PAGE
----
Drs. Shields noted, however, that systemic chemotherapy could also result in the same dramatic improvement in vision.

Some toxicities. While there have been no reports of serious side effects, some children (usually those in whom it is used as a salvage treatment) have developed radiation retinopathy, and there has been one report of a hemorrhage inside the eye. And Dr. Shields said that others have seen retinal vascular sclerosis with ischemia.

Which drugs to use? The New York team initially used melphalan as their agent of choice because the Japanese had demonstrated its efficacy. (It has not been used intravenously against the disease.) While the concentration of melphalan given via the ophthalmic artery is high, the total dose to the rest of the body is low—which helps to cure the cancer but spares the child serious bone marrow toxicity, Dr. Abramson said.

The New York team has since tried other chemotherapeutic agents, including carboplatin, topotecan and methotrexate. In addition to using these drugs intra-arterially as single agents, the group has treated eyes with two drugs at the same session—often combining melphalan and topotecan. “The reason is that these two drugs are well known to have a synergistic effect in cancer,” Dr. Abramson said. They are also trying digoxin because their research indicates that this drug and other cardenolides are toxic to retinoblastoma cells. While the number of treatment sessions for the initial group of nine children ranged from two to six, most children who undergo the treatment in New York can now be successfully treated in three sessions, three or four weeks apart, Dr. Abramson said. His team has also tried the technique in patients with bilateral retinoblastoma, with good initial outcomes. “We now call the technique ‘chemosurgery’ to emphasize the surgical precision and planning necessary to get good results,” he said. “Long term, the treatment continues to be very successful,” Dr. Abramson said. “These children are not dying, losing their eyes or suffering systemic side effects.”

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Concurring, With Reservations

While noting that the ophthalmic artery technique is promising, other ophthalmologists have been a bit more circumspect in their assessment. “It’s a very good tool for children who have tumor in one eye, and for those who have recurrence of tumor after they have failed other treatments,” said Aparna Ramasubramanian, MD, a fellow at the ocular oncology service at Wills Eye Hospital. “But case selection is extremely important.” In their experience with ophthalmic artery technique, Drs. Shields and Ramasubramanian and the team at Wills have seen good outcomes even in advanced tumors confined to the eye, they said, and complete regression of tumors in most cases.2 In a review of 70 patients, there was a need for external beam radiotherapy in one child and enucleation in two children. The advantage of the treatment is that unlike systemic chemotherapy, it is selective, and so has the potential for fewer toxicities, they said.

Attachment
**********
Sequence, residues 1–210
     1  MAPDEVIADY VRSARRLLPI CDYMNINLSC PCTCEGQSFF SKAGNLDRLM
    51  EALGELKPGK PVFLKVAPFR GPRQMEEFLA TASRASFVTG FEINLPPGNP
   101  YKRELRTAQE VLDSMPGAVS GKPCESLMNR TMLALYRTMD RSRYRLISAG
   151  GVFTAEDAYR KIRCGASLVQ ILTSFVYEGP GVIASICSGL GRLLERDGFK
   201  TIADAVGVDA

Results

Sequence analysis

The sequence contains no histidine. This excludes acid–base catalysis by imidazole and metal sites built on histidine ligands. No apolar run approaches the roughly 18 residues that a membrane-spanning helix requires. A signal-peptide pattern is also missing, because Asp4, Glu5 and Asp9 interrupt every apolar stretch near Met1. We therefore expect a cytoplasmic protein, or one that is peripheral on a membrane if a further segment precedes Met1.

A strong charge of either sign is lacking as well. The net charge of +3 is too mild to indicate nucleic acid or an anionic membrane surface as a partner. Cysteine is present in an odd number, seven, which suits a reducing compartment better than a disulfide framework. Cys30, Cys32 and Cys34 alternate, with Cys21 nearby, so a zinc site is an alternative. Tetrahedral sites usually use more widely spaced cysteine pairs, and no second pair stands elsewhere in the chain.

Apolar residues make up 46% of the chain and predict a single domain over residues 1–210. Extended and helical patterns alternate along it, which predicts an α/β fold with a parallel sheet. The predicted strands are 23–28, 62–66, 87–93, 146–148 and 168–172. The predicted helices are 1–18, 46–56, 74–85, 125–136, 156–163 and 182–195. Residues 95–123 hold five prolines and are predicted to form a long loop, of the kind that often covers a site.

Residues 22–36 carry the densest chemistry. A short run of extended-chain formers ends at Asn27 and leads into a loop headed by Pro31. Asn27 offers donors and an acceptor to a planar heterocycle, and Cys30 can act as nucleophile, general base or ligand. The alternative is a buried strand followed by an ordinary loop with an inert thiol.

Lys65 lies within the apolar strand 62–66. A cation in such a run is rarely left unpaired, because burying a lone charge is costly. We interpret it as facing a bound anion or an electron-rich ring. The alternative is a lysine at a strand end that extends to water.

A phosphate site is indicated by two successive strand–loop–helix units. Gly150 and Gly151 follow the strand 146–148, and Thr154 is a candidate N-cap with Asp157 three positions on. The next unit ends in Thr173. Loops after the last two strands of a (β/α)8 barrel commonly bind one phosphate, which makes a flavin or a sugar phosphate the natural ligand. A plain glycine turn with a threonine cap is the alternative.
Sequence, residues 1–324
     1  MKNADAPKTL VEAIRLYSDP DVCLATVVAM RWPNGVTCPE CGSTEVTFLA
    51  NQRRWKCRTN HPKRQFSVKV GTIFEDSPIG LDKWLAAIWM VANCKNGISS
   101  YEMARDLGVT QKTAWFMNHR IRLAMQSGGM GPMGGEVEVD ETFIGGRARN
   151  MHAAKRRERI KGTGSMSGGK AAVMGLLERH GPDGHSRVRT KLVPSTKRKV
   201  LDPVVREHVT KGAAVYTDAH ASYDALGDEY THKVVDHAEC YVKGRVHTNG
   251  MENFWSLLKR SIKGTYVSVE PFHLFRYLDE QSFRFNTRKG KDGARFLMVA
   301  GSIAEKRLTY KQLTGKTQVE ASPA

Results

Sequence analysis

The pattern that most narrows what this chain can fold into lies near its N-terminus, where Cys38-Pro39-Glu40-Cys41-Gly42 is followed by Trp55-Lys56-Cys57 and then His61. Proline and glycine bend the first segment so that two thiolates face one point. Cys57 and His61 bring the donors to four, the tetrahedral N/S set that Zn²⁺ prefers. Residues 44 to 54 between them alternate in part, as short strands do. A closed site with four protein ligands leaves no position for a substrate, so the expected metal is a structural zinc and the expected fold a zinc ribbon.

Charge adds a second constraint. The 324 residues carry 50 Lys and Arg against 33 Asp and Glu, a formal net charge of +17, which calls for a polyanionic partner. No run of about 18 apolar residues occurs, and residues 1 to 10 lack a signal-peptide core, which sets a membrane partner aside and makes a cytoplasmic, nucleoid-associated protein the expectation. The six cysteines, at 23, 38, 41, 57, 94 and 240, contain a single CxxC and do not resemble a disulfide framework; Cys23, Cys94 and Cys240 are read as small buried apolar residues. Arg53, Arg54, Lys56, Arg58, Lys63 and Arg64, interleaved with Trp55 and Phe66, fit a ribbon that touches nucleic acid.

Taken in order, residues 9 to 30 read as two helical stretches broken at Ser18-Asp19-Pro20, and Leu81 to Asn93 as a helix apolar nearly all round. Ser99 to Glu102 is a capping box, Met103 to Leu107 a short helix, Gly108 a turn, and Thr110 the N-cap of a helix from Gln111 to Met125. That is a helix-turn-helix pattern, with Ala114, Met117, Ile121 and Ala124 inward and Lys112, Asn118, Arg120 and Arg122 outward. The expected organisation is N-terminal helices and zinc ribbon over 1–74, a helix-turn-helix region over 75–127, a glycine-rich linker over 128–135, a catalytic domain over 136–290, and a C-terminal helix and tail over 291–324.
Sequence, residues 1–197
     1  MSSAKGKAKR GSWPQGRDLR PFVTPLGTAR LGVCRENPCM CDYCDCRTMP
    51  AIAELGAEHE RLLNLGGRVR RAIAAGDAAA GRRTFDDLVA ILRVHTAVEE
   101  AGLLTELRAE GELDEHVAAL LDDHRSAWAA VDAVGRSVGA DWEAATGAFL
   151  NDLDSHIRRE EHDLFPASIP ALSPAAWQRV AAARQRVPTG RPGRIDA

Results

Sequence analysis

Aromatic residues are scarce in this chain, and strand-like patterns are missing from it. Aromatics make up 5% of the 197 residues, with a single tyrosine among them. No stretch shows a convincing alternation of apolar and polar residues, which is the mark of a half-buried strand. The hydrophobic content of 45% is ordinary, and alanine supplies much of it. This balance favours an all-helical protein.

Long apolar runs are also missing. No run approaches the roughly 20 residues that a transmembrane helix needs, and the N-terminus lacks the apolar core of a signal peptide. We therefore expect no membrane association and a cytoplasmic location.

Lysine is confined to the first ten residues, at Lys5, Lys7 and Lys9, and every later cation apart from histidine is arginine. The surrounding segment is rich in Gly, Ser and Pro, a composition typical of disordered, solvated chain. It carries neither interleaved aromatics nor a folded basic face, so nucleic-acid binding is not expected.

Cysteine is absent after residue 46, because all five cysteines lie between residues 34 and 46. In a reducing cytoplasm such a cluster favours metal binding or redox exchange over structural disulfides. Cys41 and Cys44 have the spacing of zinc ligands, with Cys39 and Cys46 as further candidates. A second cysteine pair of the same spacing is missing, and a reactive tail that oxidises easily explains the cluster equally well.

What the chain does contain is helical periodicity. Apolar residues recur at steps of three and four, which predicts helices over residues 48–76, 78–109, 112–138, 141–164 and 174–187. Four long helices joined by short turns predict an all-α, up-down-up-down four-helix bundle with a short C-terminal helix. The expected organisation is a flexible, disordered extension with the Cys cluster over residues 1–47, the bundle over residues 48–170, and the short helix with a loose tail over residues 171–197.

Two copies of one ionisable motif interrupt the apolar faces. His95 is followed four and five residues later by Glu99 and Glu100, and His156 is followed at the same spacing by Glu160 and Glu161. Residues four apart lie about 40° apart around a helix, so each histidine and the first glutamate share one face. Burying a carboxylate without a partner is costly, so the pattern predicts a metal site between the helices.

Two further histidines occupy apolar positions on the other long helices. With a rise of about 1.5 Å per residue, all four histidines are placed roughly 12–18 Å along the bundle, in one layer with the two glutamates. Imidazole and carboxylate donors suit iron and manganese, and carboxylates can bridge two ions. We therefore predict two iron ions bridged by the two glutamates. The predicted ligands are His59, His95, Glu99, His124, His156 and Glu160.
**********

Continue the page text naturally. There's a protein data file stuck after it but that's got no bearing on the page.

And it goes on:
Bilateral caveat. However, they caution that it is still too early to be using the technique on children with bilateral retinoblastoma. The reason is that these children usually carry a mutation in the RB1 gene that also predisposes them to pineal region tumors in the brain. “Our group believes that systemic chemotherapy can protect children with bilateral retinoblastoma from these brain tumors and so systemic chemotherapy would be bene- ficial for patients who have tumors in both eyes,” Dr. Ramasubramanian said. However, children with bilateral retinoblastoma who failed systemic chemotherapy treatment might be candidates for the ophthalmic artery technique in the future, she added.

Radiation danger? The clinicians at Wills were initially concerned about the radiation effects of fluoroscopy delivered during the ophthalmic artery procedure, but a study they conducted indicated that the radiation exposure for each procedure is small, said Drs. Shields and Ramasubramanian. However, they cautioned, the cumulative radiation could predispose the children to develop cataracts later in life in the eye that received treatment.

Doubts about salvage potential. Other ophthalmic oncologists still urge a cautious approach until more experience has been obtained. Dr. Augsburger has used the technique, with melphalan, as salvage therapy in five patients who had failed other therapies.